Tuesday, September 15, 2009

Databases and child protection

Retired senior detective Chris Stevenson, who ran the investigation into the Soham murders, has an extremely sobering article in today's Times on why he believes new checks on the 11 million adults who have regular contact with children would not have made any difference in that case:
As a result of poor intelligence, [Ian] Huntley was appointed a school caretaker in Soham. Did that give him access to children? Yes, hundreds. Did he abuse them? No. In fact he reported to the headteacher that several teenage girls had made inappropriate comments. What Huntley did to Holly and Jessica was as bad as it gets, but did he come into contact with them through being a caretaker? Not exactly — he was caretaker of Soham Village College, a school for the over-11s. The two girls attended St Andrew’s Junior School. Different building, different caretaker. Huntley had contact with them because [girlfriend Maxine] Carr was employed at St Andrew’s as a classroom assistant. She worked in a class with Holly and Jessica, who both liked her. Holly’s mother sent Carr a box of chocolates on the last day of term to say thank you for helping her daughter.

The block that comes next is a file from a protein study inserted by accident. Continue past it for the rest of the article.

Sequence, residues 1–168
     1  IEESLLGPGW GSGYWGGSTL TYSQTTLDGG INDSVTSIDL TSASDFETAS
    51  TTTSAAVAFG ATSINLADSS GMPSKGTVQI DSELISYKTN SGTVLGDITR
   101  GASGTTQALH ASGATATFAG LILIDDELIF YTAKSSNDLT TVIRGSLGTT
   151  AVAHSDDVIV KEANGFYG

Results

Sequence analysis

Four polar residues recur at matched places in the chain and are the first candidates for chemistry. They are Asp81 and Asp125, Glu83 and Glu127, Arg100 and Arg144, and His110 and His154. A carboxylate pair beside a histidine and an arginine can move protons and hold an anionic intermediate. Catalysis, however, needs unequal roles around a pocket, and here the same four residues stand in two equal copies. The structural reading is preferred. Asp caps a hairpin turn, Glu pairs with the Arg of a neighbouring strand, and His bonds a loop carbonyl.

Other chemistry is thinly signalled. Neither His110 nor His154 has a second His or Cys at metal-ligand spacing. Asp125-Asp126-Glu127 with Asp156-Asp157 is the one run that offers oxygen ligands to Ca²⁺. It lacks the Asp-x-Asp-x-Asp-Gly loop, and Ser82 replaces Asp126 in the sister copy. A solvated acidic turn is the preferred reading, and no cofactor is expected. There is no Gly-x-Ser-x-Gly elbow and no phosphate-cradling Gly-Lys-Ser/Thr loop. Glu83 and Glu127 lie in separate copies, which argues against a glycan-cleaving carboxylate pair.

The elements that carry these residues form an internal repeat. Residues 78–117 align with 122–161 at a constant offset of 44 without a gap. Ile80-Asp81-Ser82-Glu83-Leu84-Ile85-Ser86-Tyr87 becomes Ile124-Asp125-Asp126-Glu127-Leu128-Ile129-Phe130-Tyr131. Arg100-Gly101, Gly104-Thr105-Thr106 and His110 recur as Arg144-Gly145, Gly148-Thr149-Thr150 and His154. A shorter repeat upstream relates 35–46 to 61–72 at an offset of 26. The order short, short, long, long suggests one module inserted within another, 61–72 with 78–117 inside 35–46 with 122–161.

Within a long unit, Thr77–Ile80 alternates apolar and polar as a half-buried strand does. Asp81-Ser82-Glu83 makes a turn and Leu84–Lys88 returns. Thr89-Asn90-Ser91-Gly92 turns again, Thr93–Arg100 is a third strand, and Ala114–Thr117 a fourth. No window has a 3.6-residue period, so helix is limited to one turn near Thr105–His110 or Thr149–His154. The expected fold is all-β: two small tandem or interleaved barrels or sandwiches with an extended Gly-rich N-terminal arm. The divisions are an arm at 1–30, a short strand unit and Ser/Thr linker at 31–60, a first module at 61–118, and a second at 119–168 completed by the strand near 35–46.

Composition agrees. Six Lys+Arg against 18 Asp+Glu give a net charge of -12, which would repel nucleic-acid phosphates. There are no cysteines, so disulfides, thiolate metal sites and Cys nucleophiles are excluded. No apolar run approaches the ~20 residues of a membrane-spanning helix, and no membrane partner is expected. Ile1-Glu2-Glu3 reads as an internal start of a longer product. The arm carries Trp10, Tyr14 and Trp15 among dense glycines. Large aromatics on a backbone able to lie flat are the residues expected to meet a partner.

Before trying to find policy solutions, it always helps to be sure exactly what the problem is. Headmaster Anthony Seldon adds:
Subjecting everyone in sight to checks, placing surveillance cameras everywhere, subjecting every institution to intimidating inspections, hemming in all relationships with contract and law, and driving everyone mad with bureaucracy is categorically not the way forward.


Anonymous said...

Hi. Are you my cousin Ian Brown from Chelmsford? Write me. Ralph Trayler carxprt@pacbell.net Lost you some time ago.

Coda said...

I am not your cousin Ian but this may be of interest:
Will blog on this later.